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Decisive clash: The battle for La Haye Sainte, the walled farmhouse at the centre of the battlefield at Waterloo (image: Hulton Archive/Getty Images)

The bicentenary of Waterloo next June has spawned the publication — and all too often the re-publication after many years of well-deserved obscurity — of over a dozen books about what is probably the world's most famous battle. Two new and remarkable additions to this avalanche of literature are Gareth Glover's superb explosion of literally dozens of myths about the campaign, and Brendan Simms's equally well-argued and gripping concentration on the struggle for La Haye Sainte, the walled farmhouse in the centre of the battlefield. That these excellent books disagree merely proves how Waterloo will continue to divide historians for another two centuries at least.

Glover is the editor of easily the most important publishing phenomenon in Waterloo studies for decades, the six-volume Waterloo Archive series of 500 hitherto-unpublished letters about the battle, written by people from every country that took part. These prove that what Glover calls the "increasingly xenophobic claims by the competing nations in the centuries since the battle" have completely skewed the historical record. Once xenophobia is added to the discrepancies, misunderstandings, and sheer confusion that is usefully summed up in the phrase "the fog of war", we can appreciate that we actually know much less about the battle than we thought, beyond the fact that the French lost. (As Glover jokingly points out, the pop group Abba's claim that "at Waterloo Napoleon did surrender" is also false.)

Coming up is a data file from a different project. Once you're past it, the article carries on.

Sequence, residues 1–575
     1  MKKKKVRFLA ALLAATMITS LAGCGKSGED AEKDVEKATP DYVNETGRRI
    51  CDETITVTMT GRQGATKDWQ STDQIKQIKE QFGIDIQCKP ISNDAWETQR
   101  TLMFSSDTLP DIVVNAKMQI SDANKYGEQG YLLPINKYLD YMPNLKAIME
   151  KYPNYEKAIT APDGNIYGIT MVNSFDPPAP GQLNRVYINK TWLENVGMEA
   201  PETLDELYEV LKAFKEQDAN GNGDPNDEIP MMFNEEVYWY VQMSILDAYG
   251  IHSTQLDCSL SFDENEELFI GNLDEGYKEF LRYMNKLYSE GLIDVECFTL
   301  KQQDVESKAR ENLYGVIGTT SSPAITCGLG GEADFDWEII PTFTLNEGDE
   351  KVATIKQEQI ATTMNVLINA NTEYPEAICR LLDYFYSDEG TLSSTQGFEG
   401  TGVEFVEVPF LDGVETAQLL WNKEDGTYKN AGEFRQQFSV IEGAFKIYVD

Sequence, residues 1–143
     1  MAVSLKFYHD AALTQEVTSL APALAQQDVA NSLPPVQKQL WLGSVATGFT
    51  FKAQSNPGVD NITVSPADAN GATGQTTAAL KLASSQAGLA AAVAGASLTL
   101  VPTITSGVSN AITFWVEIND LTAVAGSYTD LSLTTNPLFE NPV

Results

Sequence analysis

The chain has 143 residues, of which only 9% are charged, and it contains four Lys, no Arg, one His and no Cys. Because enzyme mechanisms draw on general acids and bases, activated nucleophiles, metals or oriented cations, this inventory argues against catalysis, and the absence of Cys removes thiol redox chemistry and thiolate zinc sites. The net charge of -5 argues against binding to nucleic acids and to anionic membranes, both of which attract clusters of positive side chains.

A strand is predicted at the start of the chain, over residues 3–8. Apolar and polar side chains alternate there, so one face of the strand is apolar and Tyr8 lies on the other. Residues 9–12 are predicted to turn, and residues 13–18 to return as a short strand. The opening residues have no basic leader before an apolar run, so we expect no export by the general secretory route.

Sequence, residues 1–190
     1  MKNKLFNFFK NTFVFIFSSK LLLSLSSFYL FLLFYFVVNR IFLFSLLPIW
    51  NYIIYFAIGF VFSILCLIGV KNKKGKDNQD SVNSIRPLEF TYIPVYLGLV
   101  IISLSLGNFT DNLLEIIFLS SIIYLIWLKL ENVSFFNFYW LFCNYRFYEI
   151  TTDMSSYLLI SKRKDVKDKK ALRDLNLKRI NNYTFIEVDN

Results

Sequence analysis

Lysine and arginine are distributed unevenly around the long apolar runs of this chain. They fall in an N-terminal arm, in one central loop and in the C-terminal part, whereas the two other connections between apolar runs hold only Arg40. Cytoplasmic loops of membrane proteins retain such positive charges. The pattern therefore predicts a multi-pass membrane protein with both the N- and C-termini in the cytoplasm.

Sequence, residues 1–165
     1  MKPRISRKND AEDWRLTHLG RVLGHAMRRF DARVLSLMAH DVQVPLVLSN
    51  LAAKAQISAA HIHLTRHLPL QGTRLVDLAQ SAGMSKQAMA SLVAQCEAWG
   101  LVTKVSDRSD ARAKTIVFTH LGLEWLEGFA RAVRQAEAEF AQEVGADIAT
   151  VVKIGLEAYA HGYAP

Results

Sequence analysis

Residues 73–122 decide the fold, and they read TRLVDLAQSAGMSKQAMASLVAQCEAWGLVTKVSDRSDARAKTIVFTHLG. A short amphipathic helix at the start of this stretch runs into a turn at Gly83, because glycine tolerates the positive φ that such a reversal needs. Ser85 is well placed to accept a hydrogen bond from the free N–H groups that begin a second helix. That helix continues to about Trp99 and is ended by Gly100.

Even the route taken by Napoleon's Imperial Guard in its final, doomed attack on Wellington's line is disputed, largely because of the various competing claims by British and other Allied troops that it had been their own bravery that turned back the cream of the French army and thus finally decided the outcome. By painstakingly connecting the original sources together, using the expertise of 40 years' study of the battle, and also employing a good deal of military knowledge and common sense, Glover radically reinterprets the evidence to piece together what really happened on the more than one route that various sections of the Guard actually took. "I believe that this version of events is by far the most likely," Glover modestly avers, "although it may never be proven beyond all doubt."

Brendan Simms, professor of the history of international relations at Cambridge, has written a very short but genuinely exciting account of the defence of La Haye Sainte by the 2nd Light Battalion of the King's German Legion (KGL) during the battle. The KGL were part of the British Regular Army, most of them German subjects of George III in his capacity as Elector of Hanover. Their doughty defence of the strategically vital farmhouse from 2pm on June 18, 1815, when it was attacked by French forces more than six times larger than the number of defenders — which Simms puts at 378 effectives — to when it finally fell at 6.30pm, is credited by the author as being the key factor in Wellington's line holding, making Waterloo, for Simms at least, more a German (or even Hanoverian) than a British victory.

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